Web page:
‘City Of A Million Dreams’ Fulfills 25-Year Documentary Quest For Jason Berry

“The metaphor slowly came to me that the ring dances of Africa and the linear processions of the European bands signaled the coming together of the ring and the line. And to me that image, the fusion of the ring and the line, of Africa and Europe, defines the cultural essence of New Orleans.” -Jason Berry
October 27, 2021
David Johnson

Among the many films to be screened at the 2021 New Orleans Film Festival is City of a Million Dreams, a documentary by that examines the evolution of the jazz funeral tradition in New Orleans. Through vintage photos and archival films, historical re-creations and filming of modern-day jazz funerals, the film traces the evolution of the tradition—and New Orleans itself— from the late 18th century to today. From the African rhythms and ring dances of Congo Square to the influence of European marching bands and Sicilian brass bands—along with early 20th-century jazz musicians—to the present-day’s rollicking processions, this epic documentary shows the cultural memory of Black New Orleans and rituals of resilience as never before.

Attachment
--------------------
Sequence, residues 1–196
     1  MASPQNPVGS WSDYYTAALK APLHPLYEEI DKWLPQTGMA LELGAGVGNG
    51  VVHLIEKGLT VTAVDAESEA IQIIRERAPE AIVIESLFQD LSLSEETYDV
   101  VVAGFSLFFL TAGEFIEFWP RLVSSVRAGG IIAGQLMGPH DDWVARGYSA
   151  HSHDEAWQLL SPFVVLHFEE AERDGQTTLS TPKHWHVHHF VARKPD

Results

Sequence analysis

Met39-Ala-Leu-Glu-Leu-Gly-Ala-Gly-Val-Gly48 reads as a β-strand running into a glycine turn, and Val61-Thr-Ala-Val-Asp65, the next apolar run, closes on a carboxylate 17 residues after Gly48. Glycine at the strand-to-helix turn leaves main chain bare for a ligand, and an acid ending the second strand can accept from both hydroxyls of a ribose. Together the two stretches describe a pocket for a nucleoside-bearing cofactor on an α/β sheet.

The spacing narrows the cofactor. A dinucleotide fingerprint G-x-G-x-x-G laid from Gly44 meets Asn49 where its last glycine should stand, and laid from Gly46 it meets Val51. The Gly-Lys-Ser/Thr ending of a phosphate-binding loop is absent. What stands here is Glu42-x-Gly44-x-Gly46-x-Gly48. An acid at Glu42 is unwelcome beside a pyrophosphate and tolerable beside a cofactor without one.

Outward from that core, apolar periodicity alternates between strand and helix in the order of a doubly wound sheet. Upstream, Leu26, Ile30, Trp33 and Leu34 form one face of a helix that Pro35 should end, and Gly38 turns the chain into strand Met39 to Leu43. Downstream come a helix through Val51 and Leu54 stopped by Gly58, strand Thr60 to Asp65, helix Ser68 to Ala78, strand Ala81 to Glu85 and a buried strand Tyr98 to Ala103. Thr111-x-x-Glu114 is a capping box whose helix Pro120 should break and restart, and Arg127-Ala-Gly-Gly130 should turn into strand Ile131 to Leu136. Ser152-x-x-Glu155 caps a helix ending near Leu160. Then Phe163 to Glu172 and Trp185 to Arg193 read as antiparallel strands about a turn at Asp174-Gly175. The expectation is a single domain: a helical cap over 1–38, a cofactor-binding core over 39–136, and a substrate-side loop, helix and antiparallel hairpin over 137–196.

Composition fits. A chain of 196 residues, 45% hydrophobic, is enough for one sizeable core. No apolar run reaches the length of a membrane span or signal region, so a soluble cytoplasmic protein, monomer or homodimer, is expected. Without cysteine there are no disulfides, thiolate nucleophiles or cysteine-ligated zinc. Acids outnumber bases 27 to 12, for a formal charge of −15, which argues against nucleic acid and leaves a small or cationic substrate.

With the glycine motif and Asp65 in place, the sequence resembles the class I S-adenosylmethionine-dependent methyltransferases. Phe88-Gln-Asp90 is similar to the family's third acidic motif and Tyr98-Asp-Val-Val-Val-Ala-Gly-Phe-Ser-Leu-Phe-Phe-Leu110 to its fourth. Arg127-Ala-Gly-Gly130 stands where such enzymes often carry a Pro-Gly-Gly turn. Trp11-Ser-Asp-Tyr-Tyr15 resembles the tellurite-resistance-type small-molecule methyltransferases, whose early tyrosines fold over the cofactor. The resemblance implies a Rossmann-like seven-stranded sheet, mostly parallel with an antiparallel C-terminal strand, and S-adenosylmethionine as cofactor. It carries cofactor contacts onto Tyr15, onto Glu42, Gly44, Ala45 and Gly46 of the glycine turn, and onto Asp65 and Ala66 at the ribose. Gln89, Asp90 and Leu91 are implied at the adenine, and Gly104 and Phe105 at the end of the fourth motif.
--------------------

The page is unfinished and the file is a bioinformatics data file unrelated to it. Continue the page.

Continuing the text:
The project, which includes a companion book published under the same title in 2018, was the culmination of 25 years of extensive research and tenacity by investigative reporter, author and filmmaker Jason Berry. He spoke with OffBeat about the circuitous journey from initial concept to the big-screen premiere for a film that took many unexpected turns, including the upheaval of Hurricane Katrina, coverage of the Catholic Church abuse crisis, the unexpected death of a protagonist in the documentary, and, most recently, the pandemic. 

Jason Berry portrait

Jason Berry

You are a native New Orleanian? When did you attend your first jazz funeral?

The first jazz funeral I went to was in 1973. It was for De De Pierce, the grand old man of Preservation Hall, a pianist. It was at Corpus Christi Church. I remember I had seen him before, but I didn’t really know him other than as a spectator. I remember standing outside on the sidewalk watching the coffin come out and the musicians put their instruments up, almost like a military unit putting up swords. The sun was coming down and dancing off the saxophones and the trumpets and the clarinets. It was one of the most beautiful spectacles I’d ever seen. I was mesmerized by it. Then I followed the procession as they put the coffin into the limousine. Then the band moved out. I was walking with the crowd and then they turned on the uptempo music and people danced the soul away.

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